Saved from Perfection
Woman on the Edge of Time is a SF story that has accompanied Donna Haraway for a longer time. Already in her writings in the 1970s, the novel is present. In Primate Visions (1989) she consults it to formulate a biting critique of the culture surrounding National Geographic:
As in the National Geographic world, the “past” is the contested zone in Woman on the Edge of Time. The “past” is the time of origins, when possibilities are set. But the past of the possible future in Piercy’s novel is the actual present for Connie, site of her struggles in the mental hospital, and by extension the historical struggles of all oppressed people, embodied in the “crazy” brown woman confined and subjected by “science.”29
Once again, the future perfect time loop is applied to actuate both fatalistically fixed futures and seemingly fixed pasts. It becomes apparent that the writing of history also implies a writing of stories. (Feminist) SF is here, too, a learning and practicing of possibilities, whereby its task is not just to introduce more or less desirable scenarios but to create characters and worlds (keyword plasticity) that stimulate the reader to contemplate things on a personal as well as on a social and structural level. Haraway describes it less as a reading experience than as an attitude: “I am interested in feminist sf that proposes and tests worlds so as to render readers more attuned to difference, to possibilities, to other ways of living and dying not trapped in the endless cyclopean war story from above.”30 In Carrier Bags for Critical Zones she writes a public letter to Bruno Latour in an effort to convince him of the value of speculative literature. And here, too, she elaborates on Marge Piercy’s SF, stressing how the visions of the future in Woman on the Edge of Time, per Future II, demonstrate urgency in the present: “Piercy’s story proposes that from the future, the past, which is our present, is the contested zone.”31
These passages and references are insightful for reading Marge Piercy; but Haraway’s in-depth and enduring engagement with certain science fictions also provides valuable clues about how to think and act productively with SF, speculative fabulations, and feminist speculations. How, for example, a narrative in the future perfect can inspire as well as deter in a multilayered way; how criticism, diagnosis, and reverie can be cultivated together on one level; how not everything has to be pigeonholed from the outset; how to actuate an “interplay of negativistic-destructive and affirmative-constructive world references and practices”,32 as Katharina Hoppe formulated in Die Kraft der Revision [The Power of Revision]. There is no formula to this end, but there are choreographies and exercises. “The speculative, for Haraway, is not a telos that will come to pass or to aim for.”33 Rather, speculation is a form of exercise.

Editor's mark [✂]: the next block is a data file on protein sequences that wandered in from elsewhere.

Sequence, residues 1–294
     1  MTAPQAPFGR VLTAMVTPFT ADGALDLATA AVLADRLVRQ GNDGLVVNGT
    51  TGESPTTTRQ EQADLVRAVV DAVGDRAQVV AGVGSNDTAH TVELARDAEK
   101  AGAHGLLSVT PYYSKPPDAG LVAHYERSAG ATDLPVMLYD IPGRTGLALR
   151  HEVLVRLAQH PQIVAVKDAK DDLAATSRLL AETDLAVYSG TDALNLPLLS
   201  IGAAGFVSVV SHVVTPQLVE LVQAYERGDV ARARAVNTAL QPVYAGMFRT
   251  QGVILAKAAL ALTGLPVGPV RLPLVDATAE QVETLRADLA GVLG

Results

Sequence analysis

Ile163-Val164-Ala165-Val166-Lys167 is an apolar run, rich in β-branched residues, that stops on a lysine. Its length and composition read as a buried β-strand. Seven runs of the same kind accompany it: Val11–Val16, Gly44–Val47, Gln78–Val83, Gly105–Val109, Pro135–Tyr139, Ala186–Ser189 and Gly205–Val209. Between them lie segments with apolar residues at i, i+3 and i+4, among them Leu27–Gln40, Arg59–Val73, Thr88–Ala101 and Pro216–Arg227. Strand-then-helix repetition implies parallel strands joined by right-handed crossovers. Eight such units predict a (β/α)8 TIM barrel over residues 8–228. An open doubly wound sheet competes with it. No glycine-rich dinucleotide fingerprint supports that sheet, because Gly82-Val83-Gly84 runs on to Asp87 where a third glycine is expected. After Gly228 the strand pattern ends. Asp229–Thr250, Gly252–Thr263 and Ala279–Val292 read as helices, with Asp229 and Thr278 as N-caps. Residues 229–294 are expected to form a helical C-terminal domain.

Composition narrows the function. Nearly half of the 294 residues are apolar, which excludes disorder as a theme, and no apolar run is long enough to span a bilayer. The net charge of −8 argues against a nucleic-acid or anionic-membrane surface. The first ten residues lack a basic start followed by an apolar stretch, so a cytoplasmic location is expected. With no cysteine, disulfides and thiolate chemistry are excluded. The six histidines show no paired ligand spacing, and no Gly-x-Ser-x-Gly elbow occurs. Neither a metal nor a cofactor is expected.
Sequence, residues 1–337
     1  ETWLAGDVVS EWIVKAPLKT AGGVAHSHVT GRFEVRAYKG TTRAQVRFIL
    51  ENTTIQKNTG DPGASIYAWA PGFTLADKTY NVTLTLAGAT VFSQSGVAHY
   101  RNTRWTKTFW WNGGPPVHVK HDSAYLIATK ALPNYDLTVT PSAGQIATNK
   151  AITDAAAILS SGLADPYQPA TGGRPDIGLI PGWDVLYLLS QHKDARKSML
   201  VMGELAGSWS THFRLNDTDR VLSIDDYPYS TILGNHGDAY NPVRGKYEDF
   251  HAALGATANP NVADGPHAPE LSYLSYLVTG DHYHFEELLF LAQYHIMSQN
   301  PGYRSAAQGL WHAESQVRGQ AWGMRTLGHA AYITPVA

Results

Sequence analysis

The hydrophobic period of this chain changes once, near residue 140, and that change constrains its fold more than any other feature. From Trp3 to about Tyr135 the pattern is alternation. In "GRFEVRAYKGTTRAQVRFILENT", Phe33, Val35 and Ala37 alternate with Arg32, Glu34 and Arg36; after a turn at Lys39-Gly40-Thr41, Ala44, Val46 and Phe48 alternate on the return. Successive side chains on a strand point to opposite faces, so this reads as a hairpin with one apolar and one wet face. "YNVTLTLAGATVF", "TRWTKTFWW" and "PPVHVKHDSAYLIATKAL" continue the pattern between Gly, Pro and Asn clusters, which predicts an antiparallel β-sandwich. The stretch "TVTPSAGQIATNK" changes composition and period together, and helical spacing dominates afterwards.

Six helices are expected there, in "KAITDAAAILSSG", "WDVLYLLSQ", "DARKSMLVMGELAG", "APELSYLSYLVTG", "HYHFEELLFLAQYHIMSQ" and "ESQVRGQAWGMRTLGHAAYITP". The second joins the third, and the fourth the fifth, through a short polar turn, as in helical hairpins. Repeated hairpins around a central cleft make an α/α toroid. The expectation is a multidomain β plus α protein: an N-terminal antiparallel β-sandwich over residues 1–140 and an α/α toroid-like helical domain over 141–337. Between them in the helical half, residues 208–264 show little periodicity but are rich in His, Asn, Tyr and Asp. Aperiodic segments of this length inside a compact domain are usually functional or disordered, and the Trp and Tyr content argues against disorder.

Each time a story helps me remember what I thought I knew, or introduces me to new knowledge, a muscle critical for caring about flourishing gets some aerobic exercise. Such exercise enhances collective thinking and movement in complexity.34
Erich Fried’s lyrical I tries to get used to the uncanniness of anterior future by reciting it loudly over and over again. Hans Jonas and Günther Anders use Future II for conjuring particularly chilling, catastrophic scenarios. The exercises of feminist speculation train the step-by-step construction of better worlds. Future perfect as a tense and a mode of thinking is ultimately called upon to save the future from its perfection. (“If these bastards succeeded, they would destroy time travel, locking us into one version of history forever.”35) Something is called perfect when it has been completed, but also when it is flawless and unsurpassable. Clearly, these two meanings are closely related—there are no doubts about the completed; it is finished because it is incorrigible—and in the classical form of utopia they coincide in an interesting way. As a perfect socio-political-bureaucratic system from a single mold, which precludes any revision because, by definition, it requires no improvement, utopia has earned itself a bad reputation. Systems that claimed to be perfect were rigid and totalitarian. When the concept of utopia is adhered to today, it is always coupled with a renegotiation of the term. Utopia is set in plural and becomes a playground: “Utopias are exercises in joined-up thinking. They are not generated as blueprints, but rather as provisional hypotheses for debate and judgment.”36 Like Ruth Levitas, Tom Moylan identifies a new phase of utopianism beginning in the 1960s. He speaks of a “critical” utopia or dystopia: “[…] destroying the traditional utopia and yet preserving it in a transformed and liberated form that was critical both of utopian writing itself and of the prevailing social formation.”37 This form of utopianizing is closely related to (feminist) SF—Moylan, too, refers extensively to Woman on the Edge of Time in this context.38
Similar to how future perfect dynamizes the notions of the future and the past, it also seems to be helpful in keeping notions of a good life in motion. The speculative exercises of a future (never) -perfect train the fabulators to dribble from the general to the concrete and back again, to let the big success be interrupted by small successions, to assume other positions and stay awake, and sometimes to also jump to particularly desirable futures, but in any case, to use the present as a springboard to do so.
Julia Grillmayr (b. 1987 in Austria) lives and works in Linz and Vienna.